• Enforce it – monitor actors, punish criminal activity
  • 8. Ban the import and export of e-waste
    • As e-waste is toxic, it needs careful treatment. Governments need to put bans bans in place on the import and export of e-waste to protect communities and the environment
    • As e-waste has many valuable resources within it, exporting it means a loss of those resources to the recycling industry in the country of export
    • Each country should sign up to the Basel Convention on the Control of Transboundary Movements of Hazardous Wastes and Their Disposal
    • Countries with a ban in place on the export of e-waste will need to ensure that they build and sustain domestic capacity to deal with their own e-waste
  • 9. Ban landfill and other dumping of e-waste
    • Governments must not let e-waste go to the landfill. Functional equipment should be reused; all e-waste should be recycled.
    • Sending e-waste to landfill pollutes the soil, water and air
    • Valuable resources are lost
  • 10. Prioritise reuse over recycling for functional equipment
    • It is more environmentally beneficial to reuse rather then recycle
    • ICTs are energy and materially intensive to produce, and contain substances that are hazardous, valuable or both. Reusing IT makes resource and environmental sense.
    • Reusing working computers is up to 20 times more energy efficient than recycling them. Also, reuse lowers ICT resource depletion costs far more than recycling. Thus, the waste hierarchy equally applies to unwanted ICTs as other wastes.
    • Refurbished electronic products are usually less expensive than new ones, thus reuse can enable access to technology for those that would otherwise be unable to afford it.
  • 11. Compel e-waste recycling
    • E-waste once it reaches it true end-of-life must be sent to legitimate, licensed operators
    • Recycling, using appropriate handling techniques, can help avoid hazardous emissions whilst recovering valuable materials, and may reduce the greenhouse gas emissions associated with production of new equipment and mining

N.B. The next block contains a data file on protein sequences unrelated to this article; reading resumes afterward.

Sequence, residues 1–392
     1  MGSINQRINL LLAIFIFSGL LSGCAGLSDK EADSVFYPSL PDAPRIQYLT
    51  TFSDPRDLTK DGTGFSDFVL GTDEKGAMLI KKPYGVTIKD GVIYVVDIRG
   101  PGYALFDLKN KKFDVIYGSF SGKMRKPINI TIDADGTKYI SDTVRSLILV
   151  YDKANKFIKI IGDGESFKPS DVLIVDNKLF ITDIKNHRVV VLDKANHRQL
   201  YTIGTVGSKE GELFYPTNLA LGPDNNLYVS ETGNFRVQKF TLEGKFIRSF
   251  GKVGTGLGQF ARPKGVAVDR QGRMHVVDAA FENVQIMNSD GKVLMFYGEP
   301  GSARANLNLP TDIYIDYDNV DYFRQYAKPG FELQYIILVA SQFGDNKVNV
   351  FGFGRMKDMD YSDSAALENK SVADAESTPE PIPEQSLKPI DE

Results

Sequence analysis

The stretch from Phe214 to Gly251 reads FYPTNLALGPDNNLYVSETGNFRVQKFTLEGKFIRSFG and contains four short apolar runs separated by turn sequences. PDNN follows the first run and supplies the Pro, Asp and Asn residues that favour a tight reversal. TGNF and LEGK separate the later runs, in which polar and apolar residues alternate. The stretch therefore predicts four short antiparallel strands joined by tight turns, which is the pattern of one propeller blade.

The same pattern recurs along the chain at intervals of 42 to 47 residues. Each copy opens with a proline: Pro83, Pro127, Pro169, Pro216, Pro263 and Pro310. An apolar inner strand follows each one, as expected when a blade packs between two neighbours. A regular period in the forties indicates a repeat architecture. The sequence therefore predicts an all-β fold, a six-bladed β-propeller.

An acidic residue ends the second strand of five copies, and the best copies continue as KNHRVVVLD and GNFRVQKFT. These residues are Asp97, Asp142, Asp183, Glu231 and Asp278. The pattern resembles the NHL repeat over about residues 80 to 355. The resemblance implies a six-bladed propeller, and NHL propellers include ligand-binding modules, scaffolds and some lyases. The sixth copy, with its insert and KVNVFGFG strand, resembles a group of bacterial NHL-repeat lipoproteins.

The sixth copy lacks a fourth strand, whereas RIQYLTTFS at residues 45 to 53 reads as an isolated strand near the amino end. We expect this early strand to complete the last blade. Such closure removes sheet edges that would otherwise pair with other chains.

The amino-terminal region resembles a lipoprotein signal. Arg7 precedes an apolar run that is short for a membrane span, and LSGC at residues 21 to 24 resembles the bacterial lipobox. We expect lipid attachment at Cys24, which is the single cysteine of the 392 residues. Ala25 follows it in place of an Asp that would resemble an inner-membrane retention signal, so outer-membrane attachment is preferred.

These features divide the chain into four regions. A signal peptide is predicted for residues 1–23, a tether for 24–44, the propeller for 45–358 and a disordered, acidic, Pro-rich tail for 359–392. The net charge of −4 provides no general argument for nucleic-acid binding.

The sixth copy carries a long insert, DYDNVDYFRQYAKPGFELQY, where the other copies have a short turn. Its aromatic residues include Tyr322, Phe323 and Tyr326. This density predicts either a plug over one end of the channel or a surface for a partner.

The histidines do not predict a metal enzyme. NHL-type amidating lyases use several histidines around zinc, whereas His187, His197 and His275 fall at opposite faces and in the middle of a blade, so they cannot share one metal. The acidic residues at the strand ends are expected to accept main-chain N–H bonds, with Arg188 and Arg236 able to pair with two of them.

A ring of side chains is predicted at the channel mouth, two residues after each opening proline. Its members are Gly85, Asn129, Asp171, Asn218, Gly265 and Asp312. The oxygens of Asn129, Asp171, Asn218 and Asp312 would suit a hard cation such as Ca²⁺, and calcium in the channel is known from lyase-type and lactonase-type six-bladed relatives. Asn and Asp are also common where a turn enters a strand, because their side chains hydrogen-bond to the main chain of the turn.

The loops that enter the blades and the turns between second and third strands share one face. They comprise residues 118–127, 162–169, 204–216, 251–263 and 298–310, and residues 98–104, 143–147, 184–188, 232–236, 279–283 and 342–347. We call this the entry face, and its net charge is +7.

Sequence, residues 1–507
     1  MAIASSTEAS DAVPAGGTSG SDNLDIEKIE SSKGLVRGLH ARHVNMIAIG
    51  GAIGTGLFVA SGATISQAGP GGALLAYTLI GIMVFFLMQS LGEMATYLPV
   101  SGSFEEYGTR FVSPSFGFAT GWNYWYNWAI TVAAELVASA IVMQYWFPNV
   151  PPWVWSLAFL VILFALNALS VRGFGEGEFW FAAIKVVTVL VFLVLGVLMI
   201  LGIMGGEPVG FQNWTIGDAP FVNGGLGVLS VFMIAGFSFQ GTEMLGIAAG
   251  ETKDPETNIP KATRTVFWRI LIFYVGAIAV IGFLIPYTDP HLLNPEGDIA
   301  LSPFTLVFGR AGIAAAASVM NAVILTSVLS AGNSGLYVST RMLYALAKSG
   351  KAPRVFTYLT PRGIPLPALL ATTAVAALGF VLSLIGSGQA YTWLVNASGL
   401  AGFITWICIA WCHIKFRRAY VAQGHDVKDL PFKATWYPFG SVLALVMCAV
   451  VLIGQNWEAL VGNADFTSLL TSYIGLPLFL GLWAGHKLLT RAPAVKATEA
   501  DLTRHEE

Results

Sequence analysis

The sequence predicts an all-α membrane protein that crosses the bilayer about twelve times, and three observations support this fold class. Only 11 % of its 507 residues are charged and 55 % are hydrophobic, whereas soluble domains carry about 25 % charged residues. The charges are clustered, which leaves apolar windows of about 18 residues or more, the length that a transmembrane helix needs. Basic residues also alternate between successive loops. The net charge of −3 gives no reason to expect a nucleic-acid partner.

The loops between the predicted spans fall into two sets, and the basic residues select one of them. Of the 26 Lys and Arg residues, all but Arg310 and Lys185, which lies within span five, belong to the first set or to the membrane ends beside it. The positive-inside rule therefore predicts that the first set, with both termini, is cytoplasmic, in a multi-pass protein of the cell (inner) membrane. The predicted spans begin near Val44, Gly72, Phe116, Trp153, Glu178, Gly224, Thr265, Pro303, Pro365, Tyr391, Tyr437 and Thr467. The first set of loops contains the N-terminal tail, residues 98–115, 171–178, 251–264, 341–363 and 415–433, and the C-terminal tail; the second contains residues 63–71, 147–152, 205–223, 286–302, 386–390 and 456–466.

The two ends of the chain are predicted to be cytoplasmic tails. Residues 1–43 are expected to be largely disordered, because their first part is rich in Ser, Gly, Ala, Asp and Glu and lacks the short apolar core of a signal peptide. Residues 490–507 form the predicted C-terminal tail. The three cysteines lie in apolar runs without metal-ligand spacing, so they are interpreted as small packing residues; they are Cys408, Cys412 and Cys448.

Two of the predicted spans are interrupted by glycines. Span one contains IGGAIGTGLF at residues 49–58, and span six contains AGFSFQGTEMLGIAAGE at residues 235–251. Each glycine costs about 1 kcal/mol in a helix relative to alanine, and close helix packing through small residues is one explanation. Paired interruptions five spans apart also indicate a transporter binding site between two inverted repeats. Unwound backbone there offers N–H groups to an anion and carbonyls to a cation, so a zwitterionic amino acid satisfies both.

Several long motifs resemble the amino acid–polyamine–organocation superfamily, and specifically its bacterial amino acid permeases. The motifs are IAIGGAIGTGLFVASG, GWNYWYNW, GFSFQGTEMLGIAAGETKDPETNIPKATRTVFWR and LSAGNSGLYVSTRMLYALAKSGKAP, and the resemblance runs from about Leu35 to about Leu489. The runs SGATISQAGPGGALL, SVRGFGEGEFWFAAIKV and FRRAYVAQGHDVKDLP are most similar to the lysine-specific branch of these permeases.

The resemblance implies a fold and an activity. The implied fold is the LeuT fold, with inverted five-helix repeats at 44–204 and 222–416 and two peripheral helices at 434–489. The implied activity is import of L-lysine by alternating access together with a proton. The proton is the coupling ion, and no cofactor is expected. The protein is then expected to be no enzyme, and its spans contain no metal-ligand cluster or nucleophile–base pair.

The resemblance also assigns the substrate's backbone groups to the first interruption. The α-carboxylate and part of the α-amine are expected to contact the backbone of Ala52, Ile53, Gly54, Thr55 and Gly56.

• Recycling all e-waste within your own country helps the recycling industry and creates more employment
  • 12. Enact producer responsibility to fund e-waste management and promote ecodesign
    • An e-waste system must be free and convenient for consumers to use
      • Producers must be individually responsible for the full end-of-life costs of their goods to incentivise ecodesign and develop domestic recycling markets.
      • Hazardous substances bans need to be in place, to make electronics manufacturers reduce and eventually eliminate the use of toxics in electronics
      • Ambitious collection and recovery targets, to keep e-waste out of landfill and to incentivise the development of a convenient and effective e-waste management system
  • 13. Enforce it – monitor actors, punish criminal activity
    • Public education and communication is needed, to ensure all actors know their role and responsibilities and to encourage high participation, compliance and best practice.
    • Government will then need to ensure that they have enough resources to effectively monitor and police the system
    • There needs to be strong penalties in place for those that break the law
  • 14. Any questions?
    • [email_address]